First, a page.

In came the straight-talking Rob Key as director of cricket, whose first job was to decide on who the new coach and captain should be. He opted for Ben Stokes — not a particularly hard decision because Stokes was the only player other than Root who could be sure of a place in the side at that point. 

Then, more surprisingly, Key opted for the former hard-hitting Kiwi wicketkeeper-batter, Brendon McCullum, as coach. 

Now England are on the verge of beating the world champion Test side, New Zealand, 3-0. Considering that they had won only one Test in the previous 17, this is quite a reversal of fortunes. 

They have a newfound belief in their own ability and, especially, their ability to win a cricket game from almost any position, however apparently bleak. At Trent Bridge in the second Test, the Black Caps had scored  553 in their first innings, but still lost —the sixth highest first innings by a side going on to still lose the Test match.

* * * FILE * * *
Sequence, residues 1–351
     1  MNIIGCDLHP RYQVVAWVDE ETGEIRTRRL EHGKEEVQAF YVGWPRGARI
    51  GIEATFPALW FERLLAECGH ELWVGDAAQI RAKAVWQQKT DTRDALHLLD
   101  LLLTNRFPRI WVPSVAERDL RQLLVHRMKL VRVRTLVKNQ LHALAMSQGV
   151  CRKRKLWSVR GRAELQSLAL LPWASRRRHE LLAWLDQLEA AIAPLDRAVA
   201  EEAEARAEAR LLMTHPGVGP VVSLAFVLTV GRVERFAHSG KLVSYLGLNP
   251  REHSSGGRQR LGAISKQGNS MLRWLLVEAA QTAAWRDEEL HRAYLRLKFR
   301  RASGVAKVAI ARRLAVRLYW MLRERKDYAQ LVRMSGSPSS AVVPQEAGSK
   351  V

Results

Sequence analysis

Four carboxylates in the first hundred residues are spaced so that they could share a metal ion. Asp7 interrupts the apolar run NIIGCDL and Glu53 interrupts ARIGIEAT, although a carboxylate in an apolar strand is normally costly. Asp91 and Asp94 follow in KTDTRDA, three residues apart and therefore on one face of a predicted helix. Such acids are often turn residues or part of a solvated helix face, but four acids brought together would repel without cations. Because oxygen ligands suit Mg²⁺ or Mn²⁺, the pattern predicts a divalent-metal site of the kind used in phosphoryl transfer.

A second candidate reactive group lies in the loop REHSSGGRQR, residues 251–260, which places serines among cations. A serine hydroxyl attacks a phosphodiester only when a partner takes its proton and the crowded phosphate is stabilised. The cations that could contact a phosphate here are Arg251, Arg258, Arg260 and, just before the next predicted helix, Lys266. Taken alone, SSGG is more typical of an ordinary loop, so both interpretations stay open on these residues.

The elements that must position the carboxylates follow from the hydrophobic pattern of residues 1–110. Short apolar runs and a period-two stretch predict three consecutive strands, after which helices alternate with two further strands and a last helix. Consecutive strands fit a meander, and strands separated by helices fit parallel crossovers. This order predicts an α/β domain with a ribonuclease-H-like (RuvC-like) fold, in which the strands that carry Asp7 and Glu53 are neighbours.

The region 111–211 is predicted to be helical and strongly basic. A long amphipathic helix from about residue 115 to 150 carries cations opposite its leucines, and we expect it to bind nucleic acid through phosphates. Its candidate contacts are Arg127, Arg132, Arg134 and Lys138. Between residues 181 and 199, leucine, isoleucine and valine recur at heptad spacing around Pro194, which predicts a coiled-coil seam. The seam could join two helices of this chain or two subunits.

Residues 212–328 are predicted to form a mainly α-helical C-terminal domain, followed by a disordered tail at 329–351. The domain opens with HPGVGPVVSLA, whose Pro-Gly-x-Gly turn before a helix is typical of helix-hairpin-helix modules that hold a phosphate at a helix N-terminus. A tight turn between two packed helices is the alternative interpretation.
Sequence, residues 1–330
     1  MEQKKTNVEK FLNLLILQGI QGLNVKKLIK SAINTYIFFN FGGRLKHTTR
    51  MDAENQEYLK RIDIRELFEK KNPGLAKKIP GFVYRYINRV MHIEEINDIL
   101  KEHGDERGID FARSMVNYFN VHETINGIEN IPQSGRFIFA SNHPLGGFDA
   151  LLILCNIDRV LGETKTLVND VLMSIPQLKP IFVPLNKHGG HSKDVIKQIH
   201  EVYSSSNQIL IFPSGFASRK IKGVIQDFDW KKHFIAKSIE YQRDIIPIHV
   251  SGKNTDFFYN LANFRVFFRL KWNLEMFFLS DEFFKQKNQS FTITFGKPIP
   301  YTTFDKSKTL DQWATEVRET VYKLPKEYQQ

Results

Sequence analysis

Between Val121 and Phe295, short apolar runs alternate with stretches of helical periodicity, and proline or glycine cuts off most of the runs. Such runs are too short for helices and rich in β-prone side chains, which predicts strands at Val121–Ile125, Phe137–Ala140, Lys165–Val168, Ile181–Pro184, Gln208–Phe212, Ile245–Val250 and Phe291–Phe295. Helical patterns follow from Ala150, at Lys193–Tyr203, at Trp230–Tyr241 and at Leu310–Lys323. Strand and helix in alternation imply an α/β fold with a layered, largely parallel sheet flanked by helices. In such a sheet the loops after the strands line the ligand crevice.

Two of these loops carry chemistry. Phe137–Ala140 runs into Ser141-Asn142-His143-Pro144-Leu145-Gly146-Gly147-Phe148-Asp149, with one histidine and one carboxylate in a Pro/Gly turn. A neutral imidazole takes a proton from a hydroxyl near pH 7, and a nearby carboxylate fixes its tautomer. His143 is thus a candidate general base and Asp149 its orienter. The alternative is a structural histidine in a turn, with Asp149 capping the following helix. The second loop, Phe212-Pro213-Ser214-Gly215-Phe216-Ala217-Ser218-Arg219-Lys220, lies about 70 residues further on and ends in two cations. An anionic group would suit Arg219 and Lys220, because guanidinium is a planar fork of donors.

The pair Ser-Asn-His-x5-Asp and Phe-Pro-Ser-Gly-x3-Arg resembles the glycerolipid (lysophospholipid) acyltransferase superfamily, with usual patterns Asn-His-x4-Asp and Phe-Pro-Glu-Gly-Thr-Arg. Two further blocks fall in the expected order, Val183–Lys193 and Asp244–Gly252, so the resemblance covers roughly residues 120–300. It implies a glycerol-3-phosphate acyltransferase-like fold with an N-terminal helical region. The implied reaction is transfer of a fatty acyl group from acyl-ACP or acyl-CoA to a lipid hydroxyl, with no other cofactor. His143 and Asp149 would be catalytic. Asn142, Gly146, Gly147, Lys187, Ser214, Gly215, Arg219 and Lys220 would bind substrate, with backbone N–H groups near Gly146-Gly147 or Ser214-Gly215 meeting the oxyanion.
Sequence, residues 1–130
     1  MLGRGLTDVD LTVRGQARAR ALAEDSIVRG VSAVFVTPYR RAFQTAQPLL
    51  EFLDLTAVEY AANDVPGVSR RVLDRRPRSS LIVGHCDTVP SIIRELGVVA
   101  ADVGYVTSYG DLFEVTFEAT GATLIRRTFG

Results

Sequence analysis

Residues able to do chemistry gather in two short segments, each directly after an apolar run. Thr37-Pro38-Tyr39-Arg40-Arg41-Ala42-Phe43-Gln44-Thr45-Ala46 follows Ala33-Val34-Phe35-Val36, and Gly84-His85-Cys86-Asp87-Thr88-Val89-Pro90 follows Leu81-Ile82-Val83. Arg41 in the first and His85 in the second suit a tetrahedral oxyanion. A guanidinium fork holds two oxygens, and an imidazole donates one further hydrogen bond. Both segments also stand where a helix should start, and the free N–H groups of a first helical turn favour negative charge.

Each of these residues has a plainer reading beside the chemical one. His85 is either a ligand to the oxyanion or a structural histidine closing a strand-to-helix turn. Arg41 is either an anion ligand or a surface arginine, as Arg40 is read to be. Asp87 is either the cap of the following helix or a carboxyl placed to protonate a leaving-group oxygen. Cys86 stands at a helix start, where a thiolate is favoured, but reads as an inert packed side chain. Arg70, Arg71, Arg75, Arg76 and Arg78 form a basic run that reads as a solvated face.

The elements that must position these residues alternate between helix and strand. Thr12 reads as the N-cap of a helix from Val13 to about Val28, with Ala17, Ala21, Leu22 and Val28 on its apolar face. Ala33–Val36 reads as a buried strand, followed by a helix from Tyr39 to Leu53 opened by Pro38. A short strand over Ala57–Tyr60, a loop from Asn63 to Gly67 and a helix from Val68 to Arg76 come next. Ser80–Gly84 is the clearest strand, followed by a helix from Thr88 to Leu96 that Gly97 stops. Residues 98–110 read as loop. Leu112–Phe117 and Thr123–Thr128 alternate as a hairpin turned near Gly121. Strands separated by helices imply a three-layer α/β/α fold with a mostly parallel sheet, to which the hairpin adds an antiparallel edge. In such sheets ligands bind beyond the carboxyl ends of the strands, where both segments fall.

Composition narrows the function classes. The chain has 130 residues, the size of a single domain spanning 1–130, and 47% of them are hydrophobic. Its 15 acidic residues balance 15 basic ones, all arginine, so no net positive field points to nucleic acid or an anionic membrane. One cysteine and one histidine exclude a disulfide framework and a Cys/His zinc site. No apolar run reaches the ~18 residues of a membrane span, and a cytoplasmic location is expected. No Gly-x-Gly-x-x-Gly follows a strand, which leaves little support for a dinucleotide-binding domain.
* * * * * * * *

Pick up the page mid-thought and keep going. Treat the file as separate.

To not collapse as the English team of just a few weeks ago would no doubt have done, and to keep their collective pecker up and then chase down 299 to win on the last day with almost contemptuous ease — England’s fifth highest chase of all time — shows how dramatically they have turned things around.

This stunning metamorphosis raises interesting questions about leadership at a time of crisis — what one might call “turnaround leadership” — that may well have a wider applicability, to, say, politics and government.